Saturday, August 15, 2009

Tales Told by AGH, Installment #3: Rat Tales and Dan Kelly

Editor's note:
These reminiscences by my grandfather, Arthur George Harrington, were transcribed by his daughter Mary when he was an old man. See the sidebar pictures for birth and death years of each.

Prelude by Mary:

We got started on rat stories because there had been an article in the
Saturday Evening Post
about a new system of rat control. Dad told about an encounter he had with a rat in Uncle Henry's house in Troy.

He had brought home some meat for Aunt ________, and as he came into the kitchen with it, he saw a rat scurry into the dining room. He put down the meat, picked up a stove poker, and followed the rat. It was not in sight in the dining room, from which a bedroom, living room, and pantry opened. He tried the bedroom first. He couldn't see any rat, even when he got down and looked under the bed. Then he lifted a corner of the mattress, and there on the bedsprings was Mr. Rat.

The rat dashed back to the dining room. Dad quickly slammed bedroom, living room, and pantry doors shut, and the rat got to the kitchen. Dad followed, closing the dining room door behind him. He said the rat circled, then headed for the outside door -- also closed. Dad started after him. He must have been at least 6 or 8 feet away, when the rat whirled and leaped at him. Dad said he was really scared. "The rat was about here" (holding his hand level, palm down, about even with his breastbone) when he slapped it down, kicking at it, at the same time.

The rat landed, a gory mess, at the top of the door frame. End of tale.


He told of a story he read in the S.E.P. during the War, about some men in London who had been trained to do something about bombs that had landed but had not yet gone off. One day a bomb landed in a big shell hole made by a previous bomb. One of these men volunteered to go down in and see if he could render it harmless before it went off. They let him down with a rope -- but he had hardly reached the bomb when he signalled frantically to be hauled up. They worked in desperate haste, and when they got him to the top, asked him if the bomb was about to go off.

"I don't know," he said, "but there's a bloody rat down there!"


(Now Let Dad Tell 'em.)


When I was a kid, Old Dan Kelly had a brickyard out on Rowland Street. Dan had a horse. In those days, they used to give them a mixed feed. They'd cut hay all up fine. One kind of chopper had blades something like a lawn mower. Another kind had a straight blade you'd work up and down. They'd put feed with it and mix it with water. Dan had a box about this big, filled with the feed, near the horse stall. One day as he stepped in, he could just make out that there were 5 or 6 rats in that feed box, eating away. He went quiet and got a shovel, and was just ready to bring it down on the rats, when his horse lifted his hind leg, caught him about here, and tossed him into the box with the rats.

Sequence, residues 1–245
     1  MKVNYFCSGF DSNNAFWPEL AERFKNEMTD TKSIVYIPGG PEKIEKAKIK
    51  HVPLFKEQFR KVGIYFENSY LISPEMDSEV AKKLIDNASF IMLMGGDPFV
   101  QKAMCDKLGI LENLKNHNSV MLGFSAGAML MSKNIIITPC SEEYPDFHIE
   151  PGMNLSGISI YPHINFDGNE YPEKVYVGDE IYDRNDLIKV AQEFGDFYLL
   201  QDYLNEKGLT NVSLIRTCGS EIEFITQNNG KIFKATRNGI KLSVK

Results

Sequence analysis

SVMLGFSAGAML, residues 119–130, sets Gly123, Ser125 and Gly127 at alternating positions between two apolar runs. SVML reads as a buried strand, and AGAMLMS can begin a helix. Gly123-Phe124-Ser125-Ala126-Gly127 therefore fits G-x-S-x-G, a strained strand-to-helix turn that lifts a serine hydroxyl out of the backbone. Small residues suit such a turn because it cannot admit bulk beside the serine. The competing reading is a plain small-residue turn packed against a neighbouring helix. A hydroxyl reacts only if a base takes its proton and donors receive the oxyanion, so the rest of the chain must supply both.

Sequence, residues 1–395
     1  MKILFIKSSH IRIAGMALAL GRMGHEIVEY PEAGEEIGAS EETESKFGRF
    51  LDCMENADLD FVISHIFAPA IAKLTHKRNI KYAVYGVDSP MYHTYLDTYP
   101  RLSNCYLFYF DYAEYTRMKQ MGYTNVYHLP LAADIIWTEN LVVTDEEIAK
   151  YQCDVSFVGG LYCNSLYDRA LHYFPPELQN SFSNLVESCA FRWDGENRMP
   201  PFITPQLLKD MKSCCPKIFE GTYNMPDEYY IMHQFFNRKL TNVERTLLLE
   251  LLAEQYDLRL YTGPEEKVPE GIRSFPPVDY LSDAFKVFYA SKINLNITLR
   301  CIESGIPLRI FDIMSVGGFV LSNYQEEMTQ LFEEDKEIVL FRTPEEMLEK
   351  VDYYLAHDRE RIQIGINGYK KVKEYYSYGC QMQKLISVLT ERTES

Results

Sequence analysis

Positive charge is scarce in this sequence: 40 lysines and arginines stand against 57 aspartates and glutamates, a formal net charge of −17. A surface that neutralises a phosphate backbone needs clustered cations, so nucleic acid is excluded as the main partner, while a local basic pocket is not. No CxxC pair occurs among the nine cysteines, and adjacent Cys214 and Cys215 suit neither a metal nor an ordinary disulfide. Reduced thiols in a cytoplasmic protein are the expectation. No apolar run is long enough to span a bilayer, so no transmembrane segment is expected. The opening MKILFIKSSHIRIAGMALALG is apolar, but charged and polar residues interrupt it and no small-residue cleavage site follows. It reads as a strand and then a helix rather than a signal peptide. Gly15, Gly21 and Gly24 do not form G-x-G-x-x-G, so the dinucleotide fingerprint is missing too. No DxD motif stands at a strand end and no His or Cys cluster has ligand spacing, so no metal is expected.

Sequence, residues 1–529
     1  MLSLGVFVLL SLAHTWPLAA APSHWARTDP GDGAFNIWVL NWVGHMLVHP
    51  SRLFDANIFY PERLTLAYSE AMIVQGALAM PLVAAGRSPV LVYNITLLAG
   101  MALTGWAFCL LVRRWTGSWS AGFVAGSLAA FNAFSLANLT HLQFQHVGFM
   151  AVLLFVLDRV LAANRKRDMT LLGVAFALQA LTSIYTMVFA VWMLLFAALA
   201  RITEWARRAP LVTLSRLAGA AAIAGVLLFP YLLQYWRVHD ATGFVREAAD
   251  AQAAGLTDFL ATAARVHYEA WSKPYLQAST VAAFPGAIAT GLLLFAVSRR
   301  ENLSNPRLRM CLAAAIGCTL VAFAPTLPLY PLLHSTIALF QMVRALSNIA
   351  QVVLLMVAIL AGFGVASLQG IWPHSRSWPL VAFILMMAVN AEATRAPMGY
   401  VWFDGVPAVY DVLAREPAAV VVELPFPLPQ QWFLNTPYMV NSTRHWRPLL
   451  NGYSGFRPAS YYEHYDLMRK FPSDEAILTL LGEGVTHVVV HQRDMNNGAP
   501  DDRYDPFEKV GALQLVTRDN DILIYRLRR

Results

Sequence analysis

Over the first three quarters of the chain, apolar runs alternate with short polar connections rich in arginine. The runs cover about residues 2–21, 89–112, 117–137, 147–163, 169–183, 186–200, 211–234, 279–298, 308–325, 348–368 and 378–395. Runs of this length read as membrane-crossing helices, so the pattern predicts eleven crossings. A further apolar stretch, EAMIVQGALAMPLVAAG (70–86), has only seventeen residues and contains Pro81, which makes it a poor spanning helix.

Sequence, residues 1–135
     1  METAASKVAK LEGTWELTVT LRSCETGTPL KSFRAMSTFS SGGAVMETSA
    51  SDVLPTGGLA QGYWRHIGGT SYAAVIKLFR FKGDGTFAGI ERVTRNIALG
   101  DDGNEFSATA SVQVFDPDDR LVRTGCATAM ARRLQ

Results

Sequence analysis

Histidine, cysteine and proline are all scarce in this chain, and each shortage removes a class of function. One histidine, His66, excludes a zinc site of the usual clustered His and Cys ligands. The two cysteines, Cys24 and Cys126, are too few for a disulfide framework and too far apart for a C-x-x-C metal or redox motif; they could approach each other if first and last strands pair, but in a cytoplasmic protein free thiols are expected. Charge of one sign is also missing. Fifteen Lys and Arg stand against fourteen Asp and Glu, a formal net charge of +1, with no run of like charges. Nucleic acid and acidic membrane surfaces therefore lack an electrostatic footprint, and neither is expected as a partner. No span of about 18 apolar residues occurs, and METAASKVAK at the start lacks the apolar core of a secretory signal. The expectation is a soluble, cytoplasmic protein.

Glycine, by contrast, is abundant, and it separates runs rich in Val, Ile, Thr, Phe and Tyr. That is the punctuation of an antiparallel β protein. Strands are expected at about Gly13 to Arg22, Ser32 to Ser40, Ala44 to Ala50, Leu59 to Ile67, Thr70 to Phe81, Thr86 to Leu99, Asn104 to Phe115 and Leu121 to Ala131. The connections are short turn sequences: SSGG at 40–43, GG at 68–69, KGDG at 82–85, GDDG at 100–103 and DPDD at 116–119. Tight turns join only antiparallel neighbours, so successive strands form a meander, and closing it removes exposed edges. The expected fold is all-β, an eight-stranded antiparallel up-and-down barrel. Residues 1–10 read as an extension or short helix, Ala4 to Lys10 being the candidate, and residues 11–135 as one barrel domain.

Dan was a terrible man. [Note:- "Terrible", in this case, doesn't mean "bad." -MEH] He was death on booze. His father and mother and two brothers were drunkards, and he said he'd seen enough of it. I can remember more than once seeing his mother going down the street with a suit of clothes. In a few minutes one of the girls would take after her. She had stolen clothes from the boys while they slept, and was trying to sell them to get liquor.

One icy day in November, I was down on Shonnard St. with Dan and the team. A milk man came along. He was having a bad time. His horse's shoes were smooth and the horse was slipping and sliding. Dan yelled, "Spend less for beer and whiskey and use your money to shoe your horse, and he'll not be slippin' all over the road!"

Another time I was with him, when a man I knew but Dan didn't came along with his arm in a sling and bandages. I asked him what was the matter, and he said it was blood poisoning. Dan yells "Keep the beer and whiskey out of your belly and you'll not get blood poisoning!"

Not long after that, we were raising a house. [Note:- The spelling is correct. Some houses, they raised, and others, they razed. -MEH] A lot of trash had been dumped out behind it and we had to clear that away to get at it. There were rusty tin cans, etc. Dan cut his hands a few times, and the cuts got infected. One day he came to work complaining about how his hand hurt and I told him he ought to go to a doctor. He did, that night. The next day he came with his arm in a sling. I asked him "What's the matter?"

"The doctor says it's blood poisoning," he said.

"Keep the beer and whiskey out of your belly, and you'll not get blood poisoning," I mocked.

"I didn't think a man could get it," he said, "if he never took a drink!"

Once a couple kids came to the house and said Dan sent them to ask me to come up to the barn where he was. I went. He said he was pretty sick and asked me if I'd go to Doc Forman's with him. We got started. I asked him if he wanted to take a street car. He said no, he'd walk.

While the doc was working on him, he looked bad. Doc asked him if he felt faint. He said he felt funny, but didn't know what it was. Doc went out of the room and came back with a glass with a little something in it, and said "Here, drink that."

Dan says "What is it, whiskey?"

Doc says "No, it's brandy."

"Give it to Art," says Dan, "I'd rather die than drink the damn stuff!"


Once the whole gang was near the corner of Geddes and Gifford, across from Carney's saloon. Carney himself came along and started in, but turned as he reached the door, and called "Hello, Dan!" Dan said hello, and Carney went in.